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Introduction to the Korean Startup Ecosystem A thriving startup hub that’s coming into its own By STEVE CERVANTES

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orea’s startup ecosystem is showing the world that it is no longer solely a conglomerated economy, where a few global luminaries dominate the scene. The country has 11 unicorns and counting, ranking fifth globally behind the U.S., China, the United Kingdom, and India. No other startup ecosystem has reached the ten-unicorn threshold as quickly as Korea–if you consider that it began earnestly in 2013. That year, former President Geun-hye Park instituted the ‘creative economy’ policy as a surefire way to create jobs through government-driven startup development. The Korean chaebol (conglomerate) had started to run its course in terms of being the sole growth engine. In previous eras, the chaebol provided one of Asia’s highest standards of living. But outsourcing and automation have caused widespread early retirement and one of the OECD’s highest youth unemployment rates in recent years. Elected in 2017, President Moon Jaein’s administration set out to do much the same, aside from renaming the ‘creative economy’ to the ‘peace economy’ and exponentially raising funds from 1 to 4 billion U.S. dollars annually. Moon’s administration doubled down on its commitment toward growing and developing startups, where they would ultimately become an economic cornerstone. The creative and peace economies’ crowning achievements are providing ample seed funding for early-stage startups. There is no Asian or global comparison with regards to the amount of government funding; through its grants and other schemes, the government invested seven won for every won that private lending institutions invested. In a similar vein, peace economy policies sponsored government and private growth by organizing accelerators and incubators in co-working spaces. They have enabled Korea to become the undisputed per capita Asian leader in numbers—there are over 300 co-working spaces in Seoul alone and 170 incubators or accelerators nationwide. What’s more, the policies haven’t endowed only Korean startups with support. Foreign startups also enjoy vis-à-vis funding, subsidized co-working space use, and targeted acceleration programs for foreigners like the K-Startup Grand Challenge. The program accelerates 40 qualified foreign startups for 3.5 months, with the possibility of an additional 3.5 months based on the startup’s performance, which


ECOSYSTEMS FEATURES

President of South Korea, Moon Jae-in, at his inauguration ceremony on May 10, 2017 at The National Assembly, Seoul. Photo courtesy of Korea.net / Jeon Han.

Before 2013, most Koreans couldn’t conceptualize a startup because the country had a limited entrepreneurial tradition. Korea has since transformed from a staunchly conglomerated society into one that’s welcoming of innovation and startup culture.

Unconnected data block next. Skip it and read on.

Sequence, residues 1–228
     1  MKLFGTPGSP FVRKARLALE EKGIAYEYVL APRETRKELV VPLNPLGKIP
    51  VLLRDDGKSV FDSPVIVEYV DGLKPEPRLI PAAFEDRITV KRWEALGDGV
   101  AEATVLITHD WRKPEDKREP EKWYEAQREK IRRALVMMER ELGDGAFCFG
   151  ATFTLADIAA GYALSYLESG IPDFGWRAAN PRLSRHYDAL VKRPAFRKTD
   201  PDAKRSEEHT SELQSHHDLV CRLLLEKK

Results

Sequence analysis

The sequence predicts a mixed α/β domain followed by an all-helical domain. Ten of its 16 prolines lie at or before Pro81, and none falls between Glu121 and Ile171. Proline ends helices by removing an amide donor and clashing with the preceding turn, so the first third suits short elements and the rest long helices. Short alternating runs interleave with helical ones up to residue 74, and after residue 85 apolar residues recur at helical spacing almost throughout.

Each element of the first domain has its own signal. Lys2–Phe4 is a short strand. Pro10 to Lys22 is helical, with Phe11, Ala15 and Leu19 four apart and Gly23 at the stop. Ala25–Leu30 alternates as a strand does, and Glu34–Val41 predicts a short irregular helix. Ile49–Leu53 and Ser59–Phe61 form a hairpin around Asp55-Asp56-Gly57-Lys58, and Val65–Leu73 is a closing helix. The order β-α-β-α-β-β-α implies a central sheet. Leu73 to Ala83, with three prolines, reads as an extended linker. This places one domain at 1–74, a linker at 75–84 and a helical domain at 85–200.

is mostly determined on the outcome of a demo day competition. All 40 startups receive US$10,840 funding, and the 20 highest ranked receive another $10,840. The top four of the 20 receive prize money ranging from $6,000 (fourth place) to $100,000 (first place). Above all, Park and Moon’s administrations elevated public awareness around startups. Before 2013, most Koreans couldn’t conceptualize a startup because the country had a limited entrepreneurial tradition. Korea has since transformed from a staunchly conglomerated society into one that’s welcoming of innovation and startup culture.

Never a seamless journey

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lthough the Korean startup ecosystem has developed exponentially, there are numerous hurdles the country must overcome to develop into a larger, sustainable global player. First and foremost, startups often compete against government-sponsored chaebols and their subsidiaries, which are perhaps some of

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the world’s most vertically integrated entities. The system differs from its American and Chinese counterparts, which actively incorporate startups. For instance, Apple and Xiaomi have acquired or are affiliated with over 100 domestic and foreign startups. Samsung Electronics’s paucity of startup acquisition, for example, is attributed to a rigid in-house research and development and supply chain mechanism. Save for Samsung Pay, the company isn’t competitive in intangible services (e.g., music streaming, content streaming, the apps, etc.), which inherently need multiple acquisitions or partnerships. Samsung Electronics instead promotes, incubates, and finances promising domestic and foreign startups through its internal incubator, NEXT. Yet, the company rarely acquires and has a limited association with participants following graduation. Despite the government’s proactive funding policies, private funding (i.e., venture capital, private equity, etc.) is a workin-progress, although progress is being made. At last count, there are more than April 2020